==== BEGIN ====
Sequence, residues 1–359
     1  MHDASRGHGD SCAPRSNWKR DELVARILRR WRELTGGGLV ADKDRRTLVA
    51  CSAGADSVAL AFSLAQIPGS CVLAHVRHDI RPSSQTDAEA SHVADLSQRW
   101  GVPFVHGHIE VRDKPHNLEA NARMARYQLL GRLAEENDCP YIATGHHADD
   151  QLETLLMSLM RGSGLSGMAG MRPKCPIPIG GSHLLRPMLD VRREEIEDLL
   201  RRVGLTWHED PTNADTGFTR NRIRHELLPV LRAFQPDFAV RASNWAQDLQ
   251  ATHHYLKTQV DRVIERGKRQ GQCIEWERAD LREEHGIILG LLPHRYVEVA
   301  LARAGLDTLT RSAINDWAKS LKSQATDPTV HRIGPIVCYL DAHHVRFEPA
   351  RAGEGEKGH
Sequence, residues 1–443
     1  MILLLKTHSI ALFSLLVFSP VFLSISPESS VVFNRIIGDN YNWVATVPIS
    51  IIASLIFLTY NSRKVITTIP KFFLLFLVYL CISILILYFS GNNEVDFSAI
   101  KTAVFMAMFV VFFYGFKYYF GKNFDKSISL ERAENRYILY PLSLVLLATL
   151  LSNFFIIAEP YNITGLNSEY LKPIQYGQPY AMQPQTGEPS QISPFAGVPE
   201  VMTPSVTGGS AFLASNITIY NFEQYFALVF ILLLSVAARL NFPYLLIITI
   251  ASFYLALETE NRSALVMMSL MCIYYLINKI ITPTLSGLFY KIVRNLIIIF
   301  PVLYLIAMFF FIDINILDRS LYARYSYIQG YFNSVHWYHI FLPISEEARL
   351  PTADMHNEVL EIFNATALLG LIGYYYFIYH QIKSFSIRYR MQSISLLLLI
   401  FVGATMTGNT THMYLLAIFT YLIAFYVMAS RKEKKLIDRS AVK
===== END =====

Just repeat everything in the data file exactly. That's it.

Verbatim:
Sequence, residues 1–359
     1  MHDASRGHGD SCAPRSNWKR DELVARILRR WRELTGGGLV ADKDRRTLVA
    51  CSAGADSVAL AFSLAQIPGS CVLAHVRHDI RPSSQTDAEA SHVADLSQRW
   101  GVPFVHGHIE VRDKPHNLEA NARMARYQLL GRLAEENDCP YIATGHHADD
   151  QLETLLMSLM RGSGLSGMAG MRPKCPIPIG GSHLLRPMLD VRREEIEDLL
   201  RRVGLTWHED PTNADTGFTR NRIRHELLPV LRAFQPDFAV RASNWAQDLQ
   251  ATHHYLKTQV DRVIERGKRQ GQCIEWERAD LREEHGIILG LLPHRYVEVA
   301  LARAGLDTLT RSAINDWAKS LKSQATDPTV HRIGPIVCYL DAHHVRFEPA
   351  RAGEGEKGH
Sequence, residues 1–443
     1  MILLLKTHSI ALFSLLVFSP VFLSISPESS VVFNRIIGDN YNWVATVPIS
    51  IIASLIFLTY NSRKVITTIP KFFLLFLVYL CISILILYFS GNNEVDFSAI
   101  KTAVFMAMFV VFFYGFKYYF GKNFDKSISL ERAENRYILY PLSLVLLATL
   151  LSNFFIIAEP YNITGLNSEY LKPIQYGQPY AMQPQTGEPS QISPFAGVPE
   201  VMTPSVTGGS AFLASNITIY NFEQYFALVF ILLLSVAARL NFPYLLIITI
   251  ASFYLALETE NRSALVMMSL MCIYYLINKI ITPTLSGLFY KIVRNLIIIF
   301  PVLYLIAMFF FIDINILDRS LYARYSYIQG YFNSVHWYHI FLPISEEARL
   351  PTADMHNEVL EIFNATALLG LIGYYYFIYH QIKSFSIRYR MQSISLLLLI
   401  FVGATMTGNT THMYLLAIFT YLIAFYVMAS RKEKKLIDRS AVK